On the 9 July 2017, the Government announced measures to tackle the increase in package holiday sickness claims. This included proposals to amend the pre-action protocol for low value personal injury claims in order to bring these claims within the existing fixed recoverable costs regime. This would provide certainty to defendants in knowing the amount of costs they will have to pay to defend such claims. The Government has also asked the Civil Justice Council to consider the rules around how these low value claims should be handled on a general basis.
The Ministry of Justice has issued a call for evidence from the travel industry. The four week call for evidence is intended to give ministers a better insight into the reported rise in gastric illness claims and to assist in identifying next steps to tackle such claims. Tour operators and other organisations have been asked to:
- provide their views on the drafting and effect of the proposed amendments to the pre-action protocol for low value personal injury claims and whether any other provisions would require amendments to give effect to what is proposed more generally
- consider and advise if there are any issues which should be considered, for example, the nature and timing of evidence (medical or otherwise) needed to support a claim
- provide further data on the volume and associated costs of gastric illness claims, including: the incidence of gastric illness abroad, the volume of claims, the length of time between incident and notification of defendant, and settlement, legal costs (both claimant and defendant) and success rates and damages awarded
ABTA has seen a 500% increase in holiday sickness claims since 2013 although the number of reported incidence of gastric illness in resort has remained stable. This increase has meant that the costs of these claims on hoteliers and their insurers (who tend to be the party paying the damages and costs) has been significant to the point that costs for holidays will inevitable increase. Hoteliers may well also consider not to take British holiday makers as guests in their resorts which will mean that reasonably priced holidays to popular destinations vested by British tourists could be taken out of the market. The Package Travel Directive due to be implemented 1 July 2018 will have further impact since under it the definition of a ‘package’ is to be expanded leading to more travel providers being sued for gastric illness claims.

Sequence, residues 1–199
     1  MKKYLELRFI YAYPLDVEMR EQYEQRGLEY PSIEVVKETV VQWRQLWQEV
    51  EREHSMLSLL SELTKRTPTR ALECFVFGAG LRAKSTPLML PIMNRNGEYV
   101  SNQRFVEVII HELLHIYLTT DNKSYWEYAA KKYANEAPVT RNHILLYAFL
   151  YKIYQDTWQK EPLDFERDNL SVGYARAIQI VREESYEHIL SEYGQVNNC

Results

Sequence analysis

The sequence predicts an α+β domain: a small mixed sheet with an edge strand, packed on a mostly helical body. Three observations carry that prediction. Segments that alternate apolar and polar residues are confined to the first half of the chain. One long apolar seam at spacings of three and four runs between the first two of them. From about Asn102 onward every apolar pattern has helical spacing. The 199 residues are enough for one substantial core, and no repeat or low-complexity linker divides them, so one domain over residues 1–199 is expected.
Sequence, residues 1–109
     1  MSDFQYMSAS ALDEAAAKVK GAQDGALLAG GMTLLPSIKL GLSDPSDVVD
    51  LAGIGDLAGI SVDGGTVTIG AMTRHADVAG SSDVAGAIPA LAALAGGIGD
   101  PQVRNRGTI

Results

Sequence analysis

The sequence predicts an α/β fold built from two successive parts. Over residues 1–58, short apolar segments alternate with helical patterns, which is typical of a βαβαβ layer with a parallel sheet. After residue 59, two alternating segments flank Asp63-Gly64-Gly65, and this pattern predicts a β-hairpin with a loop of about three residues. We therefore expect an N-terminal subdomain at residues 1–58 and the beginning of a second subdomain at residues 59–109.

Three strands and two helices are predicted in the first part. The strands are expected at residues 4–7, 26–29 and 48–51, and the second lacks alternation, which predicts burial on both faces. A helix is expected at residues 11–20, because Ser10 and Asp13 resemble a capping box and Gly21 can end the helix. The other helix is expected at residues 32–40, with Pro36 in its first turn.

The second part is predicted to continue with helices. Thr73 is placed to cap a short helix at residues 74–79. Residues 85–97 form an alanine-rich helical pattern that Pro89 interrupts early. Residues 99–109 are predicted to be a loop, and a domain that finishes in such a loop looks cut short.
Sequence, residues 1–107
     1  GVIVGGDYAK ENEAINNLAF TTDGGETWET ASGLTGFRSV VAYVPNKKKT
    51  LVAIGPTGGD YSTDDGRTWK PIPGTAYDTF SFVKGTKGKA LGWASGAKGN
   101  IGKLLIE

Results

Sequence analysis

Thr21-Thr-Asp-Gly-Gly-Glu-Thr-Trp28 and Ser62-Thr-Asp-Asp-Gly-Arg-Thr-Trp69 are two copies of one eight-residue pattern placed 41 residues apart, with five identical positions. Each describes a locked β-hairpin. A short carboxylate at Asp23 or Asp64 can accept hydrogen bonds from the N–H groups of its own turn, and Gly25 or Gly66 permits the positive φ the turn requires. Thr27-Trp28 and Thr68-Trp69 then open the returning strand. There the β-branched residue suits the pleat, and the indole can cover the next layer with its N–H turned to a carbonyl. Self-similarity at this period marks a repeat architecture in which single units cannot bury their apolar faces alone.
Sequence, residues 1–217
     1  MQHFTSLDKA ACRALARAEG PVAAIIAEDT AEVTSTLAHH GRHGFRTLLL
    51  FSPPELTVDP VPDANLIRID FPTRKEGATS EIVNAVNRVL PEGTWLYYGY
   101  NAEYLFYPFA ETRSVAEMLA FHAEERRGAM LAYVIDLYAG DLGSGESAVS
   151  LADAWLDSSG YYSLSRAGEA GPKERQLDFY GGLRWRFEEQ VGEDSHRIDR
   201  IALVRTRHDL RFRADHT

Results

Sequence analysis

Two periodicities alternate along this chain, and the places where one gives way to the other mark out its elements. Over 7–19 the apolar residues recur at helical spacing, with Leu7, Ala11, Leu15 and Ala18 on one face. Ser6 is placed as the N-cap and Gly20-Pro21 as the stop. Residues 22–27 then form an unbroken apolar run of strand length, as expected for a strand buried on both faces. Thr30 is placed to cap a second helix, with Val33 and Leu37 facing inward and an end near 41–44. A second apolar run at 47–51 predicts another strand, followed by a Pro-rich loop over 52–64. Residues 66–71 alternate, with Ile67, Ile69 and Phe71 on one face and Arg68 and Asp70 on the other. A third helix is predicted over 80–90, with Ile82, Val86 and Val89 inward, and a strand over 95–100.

Not surprisingly the increase in holiday sickness claims has been coupled with an increase in claims management companies locating themselves in resort encouraging holiday makers to submit fraudulent or exaggerated claims for a cash incentive. In Tenerife, one outfit linked to a UK-based claims management company allegedly makes the rounds of hotels and resorts at the wheel of an old yellow ambulance with ‘Claims Clinic’ emblazoned on the side, seeking out holidaymakers who may have suffered food poisoning or other gastric illnesses during their stay and encouraging them to bring personal injury claims.
The Government has recognised the concern that holiday sickness claims are being brought with little or no evidence in support. Claimants will often not have any contemporaneous evidence in support of their claims given they will not have complained in resort, or visited a doctor whilst in resort, or on their return to the UK. We have been working closely with hoteliers and have had success in getting claimants to withdraw or discontinue their claims at an early stage by preparing detailed protocol letters of reply, and disclosing documentation to illustrate there was no or low background levels of gastric illness in resort, as well as test results to prove there was no bacterial pathogens was found in the food or water.
Deputy District Judge Herzog recently rejected two claimants’ claims as fundamentally dishonest. The claims were brought by Ms Lavelle and her partner Mr McIntyre alleging that they and their children had become ill shortly after arrival at a hotel in Gran Canaria as a result of poor hygiene practices. Deputy District Judge Herzog concluded that the claimants’ accounts were wholly implausible and that they had not suffered any illness. On the same day as the announcement by the Ministry of Justice of their call for evidence, two claimants admitted four counts of fraud in a private prosecution brought by Thomas Cook, and were sentenced to nine and fifteen months in prison. The claimants tried to claim £20,000 compensation by alleging that they and their two children had contracted gastric illness whilst on holiday in Mallorca in 2015 and 2016.
On the 6 September 2017, the SRA responded to the huge increase in holiday sickness claims by issuing a warning notice, raising concerns that some claimants’ solicitors are not undertaking a proper analysis of the evidence or have an understanding of the legal position. The travel industry needs to work together to ensure that the Ministry of Justice is given the required information to clamp down on bogus claimants and claims management companies.